Nick Boyle Appreciation Blog! Shawn Hubbard/Baltimore Ravens

Street Talk Nick Boyle Appreciation Blog!

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On Tuesday morning, BaltimoreRavens.com’s Ryan Mink astutely noted how good teams have an assortment of players make big plays, essentially highlighting the importance of unsung heroes. Though I wrote a few weeks ago about Chuck Clark’s role on the team (and he continues to impress after a strip of Jimmy Garoppolo in the game this Sunday), the Ravens have a number of these largely overlooked – or at least underappreciated – players on their roster. In fact, in Mink’s tweet he fails to mention one of the most important players on the team: Nick Boyle.

Admittedly, when Baltimore signed Boyle to a 3-year, $18 million deal, I found the price tag to be far too large. Make no mistake, I understood the tight end’s importance as a blocker and certainly wanted him back with the Ravens, but I thought his skillset was somewhat replaceable. This seemed especially true given the team’s strength at the position with Mark Andrews and Hayden Hurst. As it turns out, my take was way off.

This year, I would venture to say that Boyle has been one of the most critical Ravens players, yet he continues to fly under the radar both nationally and locally.

We’ve heard a ton about Baltimore’s ability to have eight big bodies on the line with three tight ends in a formation. There’s no doubt that it’s helped advance the league’s top running attack and therefore has been recognized. Additionally, we’ve heard about Greg Roman’s uncanny ability to scheme up a rushing game plan that will gash essentially any defense. Hell, the NFL Network’s show “Good Morning Football” even did a segment on two-way star Patrick Ricard. Without a doubt, all of this attention is well-deserved. However, it baffles me that Boyle hasn’t had a segment of his own done, because he’s been just as impactful to the offense as these other factors.

When Eric DeCosta re-signed Boyle this offseason, he did so because he knew that the tight end was a key piece of the offense Baltimore would build around Lamar Jackson. One of the top blocking tight ends in the NFL, Boyle is integral to sealing the edge, but is also proving to be a strong lead blocker who has the speed that allows him to help Jackson and Ingram down the field when they break into the second level.

However, in past years, Boyle running onto the field meant that the quarterback would hand the ball off. With Jackson’s ability to run RPO plays and decide to run himself, hand it off, or pass it based on what the defense gives him, Boyle joins Andrews and Hurst as a viable receiver. Because of the strides he’s taken in this regard, opposing teams essentially have no idea what’s coming on any given play. There’s no way to truly sell out against the run, because when they do, Lamar can pull the ball and hit any number of targets down the field. In fact, because Boyle has made himself a more-than-serviceable receiver, bringing him in on a likely rushing down may also serve as a massive decoy. We saw this against New England, on Boyle’s first touchdown catch, when the tight end slipped across the field and was left wide open.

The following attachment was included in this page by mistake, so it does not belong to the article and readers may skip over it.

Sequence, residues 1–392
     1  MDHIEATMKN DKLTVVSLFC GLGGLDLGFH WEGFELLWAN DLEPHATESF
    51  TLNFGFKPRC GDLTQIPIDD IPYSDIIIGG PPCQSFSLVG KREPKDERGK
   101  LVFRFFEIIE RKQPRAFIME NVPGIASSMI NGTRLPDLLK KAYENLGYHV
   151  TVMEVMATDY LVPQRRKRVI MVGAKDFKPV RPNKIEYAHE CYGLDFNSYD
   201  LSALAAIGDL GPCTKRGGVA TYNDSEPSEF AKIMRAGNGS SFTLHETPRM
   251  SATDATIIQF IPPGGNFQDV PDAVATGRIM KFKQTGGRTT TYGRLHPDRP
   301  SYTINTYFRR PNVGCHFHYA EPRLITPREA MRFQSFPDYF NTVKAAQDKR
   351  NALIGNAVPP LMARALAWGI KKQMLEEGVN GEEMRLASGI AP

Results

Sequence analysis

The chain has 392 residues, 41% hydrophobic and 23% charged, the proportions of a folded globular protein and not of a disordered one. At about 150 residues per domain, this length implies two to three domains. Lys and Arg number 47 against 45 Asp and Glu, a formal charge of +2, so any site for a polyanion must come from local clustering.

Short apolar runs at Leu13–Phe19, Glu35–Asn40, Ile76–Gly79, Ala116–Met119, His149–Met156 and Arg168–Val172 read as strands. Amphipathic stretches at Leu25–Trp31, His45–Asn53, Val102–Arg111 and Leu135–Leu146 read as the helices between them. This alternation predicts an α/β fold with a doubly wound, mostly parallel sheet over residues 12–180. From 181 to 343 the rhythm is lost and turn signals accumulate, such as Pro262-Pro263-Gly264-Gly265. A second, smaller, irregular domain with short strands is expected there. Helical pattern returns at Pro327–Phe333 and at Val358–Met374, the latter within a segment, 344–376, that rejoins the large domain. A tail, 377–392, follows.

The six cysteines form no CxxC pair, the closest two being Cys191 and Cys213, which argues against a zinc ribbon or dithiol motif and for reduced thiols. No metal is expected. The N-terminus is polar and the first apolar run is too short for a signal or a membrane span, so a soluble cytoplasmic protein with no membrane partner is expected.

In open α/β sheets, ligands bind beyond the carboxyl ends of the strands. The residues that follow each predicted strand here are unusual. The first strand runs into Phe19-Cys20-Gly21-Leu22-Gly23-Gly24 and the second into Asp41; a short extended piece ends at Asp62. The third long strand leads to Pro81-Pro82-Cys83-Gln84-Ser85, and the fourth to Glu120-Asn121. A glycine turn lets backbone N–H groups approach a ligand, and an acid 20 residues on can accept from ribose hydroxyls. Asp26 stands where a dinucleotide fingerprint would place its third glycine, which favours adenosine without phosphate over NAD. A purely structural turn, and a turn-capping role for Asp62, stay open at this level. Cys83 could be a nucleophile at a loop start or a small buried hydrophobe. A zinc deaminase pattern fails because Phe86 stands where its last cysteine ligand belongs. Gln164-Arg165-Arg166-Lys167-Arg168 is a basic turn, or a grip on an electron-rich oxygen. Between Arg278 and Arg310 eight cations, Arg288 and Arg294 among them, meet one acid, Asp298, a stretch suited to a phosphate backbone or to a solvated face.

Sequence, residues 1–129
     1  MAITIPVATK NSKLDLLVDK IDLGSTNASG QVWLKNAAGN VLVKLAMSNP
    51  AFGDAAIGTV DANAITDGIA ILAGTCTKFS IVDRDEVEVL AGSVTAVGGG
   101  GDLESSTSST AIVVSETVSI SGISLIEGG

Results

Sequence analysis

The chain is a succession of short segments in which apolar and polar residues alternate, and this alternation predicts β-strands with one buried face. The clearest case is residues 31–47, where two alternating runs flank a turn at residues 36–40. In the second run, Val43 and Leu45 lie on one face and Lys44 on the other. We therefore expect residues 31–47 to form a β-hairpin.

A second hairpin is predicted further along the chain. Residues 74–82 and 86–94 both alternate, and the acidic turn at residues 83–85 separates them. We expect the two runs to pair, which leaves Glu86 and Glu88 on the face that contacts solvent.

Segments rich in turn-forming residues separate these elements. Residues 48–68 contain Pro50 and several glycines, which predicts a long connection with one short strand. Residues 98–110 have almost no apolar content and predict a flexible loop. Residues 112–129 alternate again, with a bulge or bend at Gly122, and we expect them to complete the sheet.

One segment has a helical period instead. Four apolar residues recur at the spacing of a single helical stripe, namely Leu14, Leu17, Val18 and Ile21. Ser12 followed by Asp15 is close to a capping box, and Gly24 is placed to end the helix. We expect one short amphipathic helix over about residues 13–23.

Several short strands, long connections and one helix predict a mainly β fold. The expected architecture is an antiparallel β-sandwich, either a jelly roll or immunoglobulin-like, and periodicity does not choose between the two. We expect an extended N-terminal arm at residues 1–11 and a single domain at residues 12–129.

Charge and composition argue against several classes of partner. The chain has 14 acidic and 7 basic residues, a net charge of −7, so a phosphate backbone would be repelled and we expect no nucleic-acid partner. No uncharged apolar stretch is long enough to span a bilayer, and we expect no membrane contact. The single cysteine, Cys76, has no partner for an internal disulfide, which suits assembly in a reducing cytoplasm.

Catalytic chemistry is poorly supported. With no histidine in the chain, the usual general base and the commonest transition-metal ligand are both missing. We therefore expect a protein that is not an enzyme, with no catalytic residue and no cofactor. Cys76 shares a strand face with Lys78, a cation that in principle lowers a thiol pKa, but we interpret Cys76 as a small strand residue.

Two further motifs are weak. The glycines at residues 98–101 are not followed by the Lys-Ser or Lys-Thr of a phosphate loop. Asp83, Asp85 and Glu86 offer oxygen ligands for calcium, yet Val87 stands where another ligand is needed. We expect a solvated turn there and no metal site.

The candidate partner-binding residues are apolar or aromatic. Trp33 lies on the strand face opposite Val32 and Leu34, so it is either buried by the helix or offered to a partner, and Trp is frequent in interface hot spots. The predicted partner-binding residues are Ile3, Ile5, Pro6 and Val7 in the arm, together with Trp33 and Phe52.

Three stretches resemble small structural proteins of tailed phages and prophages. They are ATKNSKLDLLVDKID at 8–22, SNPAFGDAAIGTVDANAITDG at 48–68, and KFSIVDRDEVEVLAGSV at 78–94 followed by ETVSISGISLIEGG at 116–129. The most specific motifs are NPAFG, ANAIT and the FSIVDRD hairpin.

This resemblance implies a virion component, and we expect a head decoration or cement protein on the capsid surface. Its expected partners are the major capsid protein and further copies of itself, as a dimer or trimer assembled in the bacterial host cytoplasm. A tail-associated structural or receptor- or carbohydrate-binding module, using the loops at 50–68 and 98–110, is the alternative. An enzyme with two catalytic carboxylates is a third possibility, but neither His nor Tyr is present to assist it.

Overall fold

Comparing Boyle’s 2018 production to his output thus far in 2019, he has made clear improvements. In four fewer games, Boyle already has two more receptions, 68 more yards, and just three fewer targets. By the end of the regular season, these statistics will all be far better than those of past seasons, and that speaks to his fit in Roman’s system.

Where his importance to the team is even more pronounced, however, is in the snap counts. In 2018, Boyle found himself on the field for 55% of Baltimore’s offensive snaps, which is a solid number for a tight end (it’s more than Mark Andrews’ 46% this year, which may surprise you). This season, Boyle plays a whopping 68% of the Ravens’ offensive snaps. If the percentage doesn’t mean anything to you, that makes Boyle the most-used skill position player on the Ravens this year, and it’s not really even close.

In Nick Boyle, Eric DeCosta has given Greg Roman, Lamar Jackson, Mark Ingram, and the offense an extra offensive lineman on over 1/3 of their plays, making him one of the most integral players on the roster.

Baltimore, it’s time we give him his due credit for that.

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Aidan Griesser

About Aidan Griesser

Aidan Griesser is a student at Boston College but don't worry, the evil influence of Boston sports can't sway his devotion to the Baltimore Ravens and Orioles! Aidan's from Annapolis and previously worked with the B-More Opinionated podcast for two years. When it comes to sports writing, Aidan is interested in the ins-and-outs of every league and has an affinity for hot takes! More from Aidan Griesser
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